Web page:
On The Edge, Jane Jesmond’s debut novel, is the first instalment of a thriller series following Jen Shaw, an adrenaline-seeking climber. After being mysteriously called back to her hometown by her brother, Jen finds herself dangling off a lighthouse. Initially blaming the incident on a drug relapse, she begins to suspect that someone from her past might want her dead.
The highlight of this book is its frightening setting. Set in a cold and wet seaside town in Cornwall, the author succeeds in creating a mysterious, yet suitably realistic town, with every eerie detail seemingly concealing an imminent danger. While it might be easy to roll your eyes at the ‘it was a dark and stormy night’ setting, Jesmond describes the town with such skill that it is impossible to not be transported into the story. The reader is perfectly set up for the story from the very first chapter: long before meeting each of the characters, the looming lighthouse establishes a tone of impending doom, reflected in the conflicts faced by each of the characters.
The protagonist’s inner turmoil is rooted in regret: after a horrific accident while climbing, Jen is blamed, and made promise to never indulge her passion again. She is torn, between guilt for her actions and the soul-crushing realization that she will never experience that thrill again. The theme of unfulfilled destinies runs throughout the novel, as the prevailing atmosphere of the town is one of inescapable unhappiness caused by external forces.
While the descriptive language used for the setting is undoubtedly effective, the relationships fall short. On The Edge feels too much like an introduction to a story, rather than a true exploration of human interactions. In particular, the dynamic between Jen and Nick Crawford, beautifully set up when Nick lends Jen his car after finding her alone in the storm, was not explored to its fullest potential, especially in the middle of the story. Jen interacts with many people from her past, so having a more consistent contact with Nick could have provided an interesting outside perspective into her life. This would have also made the resolution more impactful since the conflicts often stem from family drama.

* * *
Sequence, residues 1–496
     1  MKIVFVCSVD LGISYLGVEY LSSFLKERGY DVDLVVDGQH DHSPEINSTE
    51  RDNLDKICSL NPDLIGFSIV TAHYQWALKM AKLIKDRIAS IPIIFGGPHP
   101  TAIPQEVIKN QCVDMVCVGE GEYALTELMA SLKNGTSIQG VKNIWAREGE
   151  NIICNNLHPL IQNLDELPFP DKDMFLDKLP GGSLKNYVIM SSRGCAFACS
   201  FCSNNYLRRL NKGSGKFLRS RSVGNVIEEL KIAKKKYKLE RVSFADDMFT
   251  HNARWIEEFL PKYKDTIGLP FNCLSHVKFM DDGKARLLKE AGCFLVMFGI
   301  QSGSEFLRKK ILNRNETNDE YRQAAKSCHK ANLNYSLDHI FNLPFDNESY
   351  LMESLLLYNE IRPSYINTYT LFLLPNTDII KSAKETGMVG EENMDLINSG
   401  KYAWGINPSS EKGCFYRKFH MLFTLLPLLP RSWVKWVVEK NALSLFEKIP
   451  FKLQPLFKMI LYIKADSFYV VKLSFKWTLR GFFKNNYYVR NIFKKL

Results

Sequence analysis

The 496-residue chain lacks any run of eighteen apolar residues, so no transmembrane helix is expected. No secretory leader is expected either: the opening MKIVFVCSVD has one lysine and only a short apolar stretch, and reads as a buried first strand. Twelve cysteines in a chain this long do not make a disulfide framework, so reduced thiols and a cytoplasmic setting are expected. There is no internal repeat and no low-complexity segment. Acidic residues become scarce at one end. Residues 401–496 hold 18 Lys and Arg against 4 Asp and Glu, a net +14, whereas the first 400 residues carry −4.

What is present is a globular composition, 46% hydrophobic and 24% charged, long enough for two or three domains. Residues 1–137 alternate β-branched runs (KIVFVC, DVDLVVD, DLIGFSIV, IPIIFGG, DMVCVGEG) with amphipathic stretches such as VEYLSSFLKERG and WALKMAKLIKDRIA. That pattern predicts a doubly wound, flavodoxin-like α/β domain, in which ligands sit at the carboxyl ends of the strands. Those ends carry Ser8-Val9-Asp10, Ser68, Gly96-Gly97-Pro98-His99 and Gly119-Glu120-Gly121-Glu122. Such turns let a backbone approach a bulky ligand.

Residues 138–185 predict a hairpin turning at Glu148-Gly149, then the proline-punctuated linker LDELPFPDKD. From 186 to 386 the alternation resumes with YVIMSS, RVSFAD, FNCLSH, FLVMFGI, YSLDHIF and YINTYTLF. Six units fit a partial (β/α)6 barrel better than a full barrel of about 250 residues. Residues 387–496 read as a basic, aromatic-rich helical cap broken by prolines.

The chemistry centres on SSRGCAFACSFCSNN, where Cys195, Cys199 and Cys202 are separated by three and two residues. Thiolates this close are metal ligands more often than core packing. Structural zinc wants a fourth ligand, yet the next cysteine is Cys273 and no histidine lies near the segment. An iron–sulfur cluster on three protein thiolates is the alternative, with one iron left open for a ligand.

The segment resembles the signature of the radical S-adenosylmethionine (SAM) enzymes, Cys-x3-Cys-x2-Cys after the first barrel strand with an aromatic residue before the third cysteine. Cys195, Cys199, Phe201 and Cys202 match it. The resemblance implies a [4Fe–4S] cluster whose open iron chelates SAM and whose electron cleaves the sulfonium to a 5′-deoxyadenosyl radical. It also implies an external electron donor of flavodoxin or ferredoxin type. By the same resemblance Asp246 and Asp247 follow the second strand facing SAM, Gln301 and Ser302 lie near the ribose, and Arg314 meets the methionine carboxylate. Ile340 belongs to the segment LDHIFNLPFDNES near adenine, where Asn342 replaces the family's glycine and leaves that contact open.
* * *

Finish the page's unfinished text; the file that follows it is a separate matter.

One aspect of Jen’s characterization that felt intriguing was how her internal monologue differs from how others treat her. She sees herself as a failure, while those around her continue to lean on her for support. Despite her addiction, she remains a point of reference to those in her life. Jen’s charisma and influence becomes especially relevant towards the end of the book, when the main antagonist is finally unveiled. Throughout the novel this reveal was set up through clear hints, which is always a double-edged sword: on one side, the audience gets to play detective, without being purposefully misinformed; on the other, fans of the genre will quickly be able to guess who is behind Jen’s persecution. Nonetheless, it makes for an engaging finale that suits the tone of the novel.
Overall, Jesmond’s debut novel is well-told and engaging, with the descriptive language used in the setting being particularly memorable. On The Edge is an exciting first instalment in a series that is only bound to get better.
Words by Elisabetta Pulcini
Want more Books content from The Indiependent? Click here